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Making Black Magic

Black is back, and a constellation of design categories -- from perfume to furniture to restaurants -- is cast in its shadow.

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PARIS — Black is back, and a constellation of design categories — from perfume to furniture to restaurants — is cast in its shadow.

The success of Apple’s black iPod nano, for example, introduced in September 2005, prompted the launch of the brand’s first black MacBook in June. Black walls provide the backdrop for “Artist’s Choice: Herzog & de Meuron, Perception Restrained,” which runs through Sept. 25 at the Museum of Modern Art in New York. Swiss architects Jacques Herzog and Pierre de Meuron darkened the gallery with dim lights, painted the walls midnight and adorned them with pieces from the permanent collection. And late last month L’Oréal USA unveiled the men’s fragrance Polo Double Black, the latest installment in its series of Polo fragrances.

The rising popularity of the darkest color also prompted a black design-theme auction at Paris’ Hotel Dassault earlier this summer. A total of 261 black pieces — black art, photography, jewelry, and, especially, furniture dating to 1900 — went under the hammer.

“One of the prize pieces is an extremely rare prototype of Martin Szekely’s Eighties’ masterpiece, the ‘Carbon Chair,'” said Fabien Naudan, the auction’s design curator, who spent months coaxing designers to release often unseen black pieces from their ateliers.

As a result, a number of rare prototypes were featured in the sale, including items by designer Marcel Wanders and French industrial designer Cedric Ragot. “I came across one extraordinary black stool, called ‘La Chose’ (The Thing) by Ragot, who I hadn’t even realized was working in black,” Naudan said. “It looks like a black animal that’s about to spring into life.”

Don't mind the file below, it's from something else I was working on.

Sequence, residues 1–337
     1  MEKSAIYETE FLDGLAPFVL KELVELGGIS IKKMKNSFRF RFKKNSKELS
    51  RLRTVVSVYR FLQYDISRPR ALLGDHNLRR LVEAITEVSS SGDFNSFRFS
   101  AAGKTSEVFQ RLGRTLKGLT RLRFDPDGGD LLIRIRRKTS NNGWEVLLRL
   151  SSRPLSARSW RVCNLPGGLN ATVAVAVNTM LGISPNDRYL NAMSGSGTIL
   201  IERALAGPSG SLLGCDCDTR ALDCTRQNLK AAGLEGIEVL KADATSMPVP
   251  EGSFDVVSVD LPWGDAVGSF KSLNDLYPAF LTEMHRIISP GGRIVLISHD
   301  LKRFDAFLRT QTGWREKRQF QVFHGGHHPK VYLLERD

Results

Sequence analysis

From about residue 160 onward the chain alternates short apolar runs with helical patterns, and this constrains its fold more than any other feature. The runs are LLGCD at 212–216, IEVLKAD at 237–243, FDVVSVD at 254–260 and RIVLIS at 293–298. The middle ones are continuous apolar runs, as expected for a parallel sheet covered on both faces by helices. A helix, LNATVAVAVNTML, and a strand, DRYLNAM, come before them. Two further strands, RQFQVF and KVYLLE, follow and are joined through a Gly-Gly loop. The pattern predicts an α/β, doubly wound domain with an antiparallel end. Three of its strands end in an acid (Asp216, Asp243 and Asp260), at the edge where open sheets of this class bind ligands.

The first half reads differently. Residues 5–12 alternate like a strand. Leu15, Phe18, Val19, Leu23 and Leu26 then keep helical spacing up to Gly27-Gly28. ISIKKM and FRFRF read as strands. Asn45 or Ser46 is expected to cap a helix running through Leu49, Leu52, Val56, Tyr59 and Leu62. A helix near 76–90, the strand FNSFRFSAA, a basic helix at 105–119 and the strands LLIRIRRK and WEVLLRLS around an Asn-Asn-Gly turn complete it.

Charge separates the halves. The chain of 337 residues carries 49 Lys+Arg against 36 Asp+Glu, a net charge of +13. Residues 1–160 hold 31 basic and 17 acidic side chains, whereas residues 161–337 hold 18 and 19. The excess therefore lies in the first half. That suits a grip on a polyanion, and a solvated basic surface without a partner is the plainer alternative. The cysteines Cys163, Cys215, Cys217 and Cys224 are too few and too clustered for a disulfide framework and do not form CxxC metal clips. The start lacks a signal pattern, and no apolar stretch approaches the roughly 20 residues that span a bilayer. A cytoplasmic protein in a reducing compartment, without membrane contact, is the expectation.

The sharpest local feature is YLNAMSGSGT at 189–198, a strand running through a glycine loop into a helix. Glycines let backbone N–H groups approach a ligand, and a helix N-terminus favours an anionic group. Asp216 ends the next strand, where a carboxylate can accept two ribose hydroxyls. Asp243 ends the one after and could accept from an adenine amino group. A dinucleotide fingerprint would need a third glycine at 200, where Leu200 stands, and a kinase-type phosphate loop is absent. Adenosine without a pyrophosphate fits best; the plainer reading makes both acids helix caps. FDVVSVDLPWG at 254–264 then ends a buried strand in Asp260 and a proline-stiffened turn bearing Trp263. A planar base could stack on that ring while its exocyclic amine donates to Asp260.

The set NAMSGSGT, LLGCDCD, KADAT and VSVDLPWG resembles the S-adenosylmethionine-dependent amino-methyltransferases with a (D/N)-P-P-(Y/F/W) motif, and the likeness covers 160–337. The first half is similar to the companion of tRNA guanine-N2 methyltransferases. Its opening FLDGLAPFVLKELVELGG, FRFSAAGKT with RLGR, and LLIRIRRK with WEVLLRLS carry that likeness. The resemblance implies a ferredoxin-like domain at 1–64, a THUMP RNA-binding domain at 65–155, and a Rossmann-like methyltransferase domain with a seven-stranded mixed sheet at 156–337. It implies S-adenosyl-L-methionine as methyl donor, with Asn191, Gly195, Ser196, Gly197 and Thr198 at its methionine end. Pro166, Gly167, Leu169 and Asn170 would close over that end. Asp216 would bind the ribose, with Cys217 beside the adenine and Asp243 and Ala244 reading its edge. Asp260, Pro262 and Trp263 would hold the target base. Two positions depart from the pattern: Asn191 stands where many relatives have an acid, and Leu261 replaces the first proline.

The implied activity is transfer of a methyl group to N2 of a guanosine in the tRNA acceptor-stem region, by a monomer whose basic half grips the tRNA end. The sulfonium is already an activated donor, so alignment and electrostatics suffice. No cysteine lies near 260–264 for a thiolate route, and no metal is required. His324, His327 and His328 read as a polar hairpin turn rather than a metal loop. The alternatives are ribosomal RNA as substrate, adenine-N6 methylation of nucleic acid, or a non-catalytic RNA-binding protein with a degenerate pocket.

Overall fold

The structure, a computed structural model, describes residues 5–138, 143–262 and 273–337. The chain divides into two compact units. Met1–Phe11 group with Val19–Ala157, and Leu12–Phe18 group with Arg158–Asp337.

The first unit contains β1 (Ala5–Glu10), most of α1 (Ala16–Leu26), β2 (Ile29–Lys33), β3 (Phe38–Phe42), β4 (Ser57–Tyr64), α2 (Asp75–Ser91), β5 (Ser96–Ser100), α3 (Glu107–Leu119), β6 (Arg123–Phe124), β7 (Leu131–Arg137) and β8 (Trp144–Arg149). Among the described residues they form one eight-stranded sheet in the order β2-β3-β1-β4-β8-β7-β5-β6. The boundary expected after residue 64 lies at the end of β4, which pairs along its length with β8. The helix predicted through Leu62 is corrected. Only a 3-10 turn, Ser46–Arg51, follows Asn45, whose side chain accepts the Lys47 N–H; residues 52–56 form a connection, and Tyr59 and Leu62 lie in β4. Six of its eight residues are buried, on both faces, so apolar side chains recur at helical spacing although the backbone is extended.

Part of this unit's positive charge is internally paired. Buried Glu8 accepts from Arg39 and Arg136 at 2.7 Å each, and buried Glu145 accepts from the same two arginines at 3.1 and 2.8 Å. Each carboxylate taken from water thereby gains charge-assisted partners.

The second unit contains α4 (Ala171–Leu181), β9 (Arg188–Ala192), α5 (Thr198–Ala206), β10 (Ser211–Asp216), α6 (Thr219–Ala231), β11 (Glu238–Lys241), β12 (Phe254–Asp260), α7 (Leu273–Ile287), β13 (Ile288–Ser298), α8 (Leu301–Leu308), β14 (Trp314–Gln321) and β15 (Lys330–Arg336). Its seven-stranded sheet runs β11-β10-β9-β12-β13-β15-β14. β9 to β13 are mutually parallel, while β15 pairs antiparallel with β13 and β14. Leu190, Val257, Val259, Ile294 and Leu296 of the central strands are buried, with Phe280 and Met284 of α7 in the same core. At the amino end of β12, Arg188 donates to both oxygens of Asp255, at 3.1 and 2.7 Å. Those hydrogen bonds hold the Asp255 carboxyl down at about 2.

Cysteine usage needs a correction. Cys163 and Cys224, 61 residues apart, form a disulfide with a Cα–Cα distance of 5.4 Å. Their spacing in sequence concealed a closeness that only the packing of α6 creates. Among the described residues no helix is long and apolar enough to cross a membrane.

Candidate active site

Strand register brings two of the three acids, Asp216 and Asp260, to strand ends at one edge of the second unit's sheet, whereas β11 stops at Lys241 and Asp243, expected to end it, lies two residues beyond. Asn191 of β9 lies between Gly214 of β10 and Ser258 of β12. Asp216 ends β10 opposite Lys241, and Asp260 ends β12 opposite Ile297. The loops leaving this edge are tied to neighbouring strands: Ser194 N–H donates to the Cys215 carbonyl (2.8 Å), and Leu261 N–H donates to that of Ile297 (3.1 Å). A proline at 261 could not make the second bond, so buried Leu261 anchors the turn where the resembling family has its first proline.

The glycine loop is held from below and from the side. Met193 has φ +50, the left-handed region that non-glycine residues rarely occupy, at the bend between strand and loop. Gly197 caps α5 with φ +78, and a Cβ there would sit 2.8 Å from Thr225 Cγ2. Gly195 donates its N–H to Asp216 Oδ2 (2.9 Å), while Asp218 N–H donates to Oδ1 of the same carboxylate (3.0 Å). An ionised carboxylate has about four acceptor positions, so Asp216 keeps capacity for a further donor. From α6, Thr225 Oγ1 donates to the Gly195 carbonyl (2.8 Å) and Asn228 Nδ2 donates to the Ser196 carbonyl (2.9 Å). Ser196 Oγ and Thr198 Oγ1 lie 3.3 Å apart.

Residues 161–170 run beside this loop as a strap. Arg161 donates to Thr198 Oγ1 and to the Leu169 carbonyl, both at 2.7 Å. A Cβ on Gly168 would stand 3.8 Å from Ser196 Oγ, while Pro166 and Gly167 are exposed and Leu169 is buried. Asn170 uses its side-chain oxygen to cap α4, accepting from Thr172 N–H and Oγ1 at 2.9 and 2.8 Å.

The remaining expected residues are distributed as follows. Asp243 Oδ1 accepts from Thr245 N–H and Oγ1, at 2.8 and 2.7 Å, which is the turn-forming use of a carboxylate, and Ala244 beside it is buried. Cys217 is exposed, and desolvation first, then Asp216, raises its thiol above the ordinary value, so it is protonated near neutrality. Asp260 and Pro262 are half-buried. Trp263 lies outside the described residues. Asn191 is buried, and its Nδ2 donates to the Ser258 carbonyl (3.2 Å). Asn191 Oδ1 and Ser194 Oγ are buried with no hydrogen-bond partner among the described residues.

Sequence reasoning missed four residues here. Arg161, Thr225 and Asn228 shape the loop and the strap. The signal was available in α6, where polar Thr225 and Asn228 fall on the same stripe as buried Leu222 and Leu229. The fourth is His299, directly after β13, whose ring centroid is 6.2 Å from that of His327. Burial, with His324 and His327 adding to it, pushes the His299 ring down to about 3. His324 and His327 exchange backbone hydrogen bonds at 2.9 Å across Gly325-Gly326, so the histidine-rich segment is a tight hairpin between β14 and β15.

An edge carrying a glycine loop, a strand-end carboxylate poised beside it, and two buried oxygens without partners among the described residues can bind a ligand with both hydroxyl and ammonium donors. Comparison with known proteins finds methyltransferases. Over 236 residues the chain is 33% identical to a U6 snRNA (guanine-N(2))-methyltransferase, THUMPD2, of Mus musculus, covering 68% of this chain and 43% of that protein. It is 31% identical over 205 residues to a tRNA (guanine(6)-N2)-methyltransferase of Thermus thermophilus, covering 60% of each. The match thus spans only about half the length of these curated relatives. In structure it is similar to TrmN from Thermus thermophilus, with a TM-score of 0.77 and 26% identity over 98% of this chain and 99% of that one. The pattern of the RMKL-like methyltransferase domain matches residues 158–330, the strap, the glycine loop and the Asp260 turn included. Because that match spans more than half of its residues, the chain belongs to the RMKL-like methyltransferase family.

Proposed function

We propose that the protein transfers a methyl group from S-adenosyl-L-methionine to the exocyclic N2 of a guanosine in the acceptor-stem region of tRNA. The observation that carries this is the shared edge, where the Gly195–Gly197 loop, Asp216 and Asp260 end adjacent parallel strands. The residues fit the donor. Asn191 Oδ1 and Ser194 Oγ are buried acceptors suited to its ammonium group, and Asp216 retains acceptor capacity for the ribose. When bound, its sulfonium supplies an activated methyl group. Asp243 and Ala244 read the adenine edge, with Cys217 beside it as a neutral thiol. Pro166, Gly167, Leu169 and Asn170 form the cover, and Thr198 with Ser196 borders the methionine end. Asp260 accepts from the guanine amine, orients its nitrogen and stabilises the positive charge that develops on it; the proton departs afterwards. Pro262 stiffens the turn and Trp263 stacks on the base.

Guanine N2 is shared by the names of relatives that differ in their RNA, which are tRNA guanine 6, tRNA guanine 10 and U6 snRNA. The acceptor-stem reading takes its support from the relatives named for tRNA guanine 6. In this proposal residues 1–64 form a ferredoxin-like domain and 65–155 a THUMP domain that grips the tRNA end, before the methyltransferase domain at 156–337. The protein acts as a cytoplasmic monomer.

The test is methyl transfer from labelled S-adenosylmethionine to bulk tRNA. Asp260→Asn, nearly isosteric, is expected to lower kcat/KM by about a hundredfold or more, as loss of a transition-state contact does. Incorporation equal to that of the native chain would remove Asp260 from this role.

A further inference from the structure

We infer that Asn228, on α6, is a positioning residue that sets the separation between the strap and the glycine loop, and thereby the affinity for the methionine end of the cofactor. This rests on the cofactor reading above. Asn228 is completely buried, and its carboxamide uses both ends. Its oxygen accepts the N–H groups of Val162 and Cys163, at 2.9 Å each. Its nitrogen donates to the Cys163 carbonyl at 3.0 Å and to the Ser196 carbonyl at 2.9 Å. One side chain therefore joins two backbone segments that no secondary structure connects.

Black is even seeping into interior design. “I start a lot of projects with a black box — it’s my blank page,” said runway production wizard Alexandre de Betak, who channeled his dark thoughts into the interior design of Black Calavados, the black-theme Parisian nightspot that opened last March. Betak said he chose the color to bring warmth to the venue.

“By incorporating low-intensity lightbulbs, the black walls swallow up the light, leaving only the filament, which gives an almost candle-like effect,” he said, characterizing black’s comeback as a reaction to the minimalist Nineties, when open white spaces were the rage.

“The Nineties killed white in favor of many things — and black is one of them,” he said, adding that what was once considered a taboo tint is now making its way into people’s homes.

“Black periods always represent radical departures,” said Loic Bigot, owner of Tools Gallerie in Paris, which sells trendy design objects. Bigot cites contemporary pioneers of black design such as Wanders, Chris Kabel and Ineke Hans, whose Black Gold porcelain line made an impact in 2002.

Hans, however, doesn’t see herself a “black designer,” as such, but refers to her pieces as happy accidents of the treacherously accurate black porcelain procedure.

“It is extremely difficult to control the shape of an object when working with black pigment in a kiln,” Hans explained. “That’s why my porcelain always looks so wobbly; I’m making fun of the black world of perfection.”

She’s not the only designer to make a business out of black rejects. In 2003, Philippe Starck reignited Baccarat’s black crystal line, first launched in 1844, with the debut of his “Starck Darkside by Baccarat” collection featuring a box of five black crystal Harcourt glasses.

Christened “Un Parfait” (Perfect One), the set contains one perfect glass as well as the four imperfect ones that it took to achieve it. Until then, their destiny had been the garbage can.

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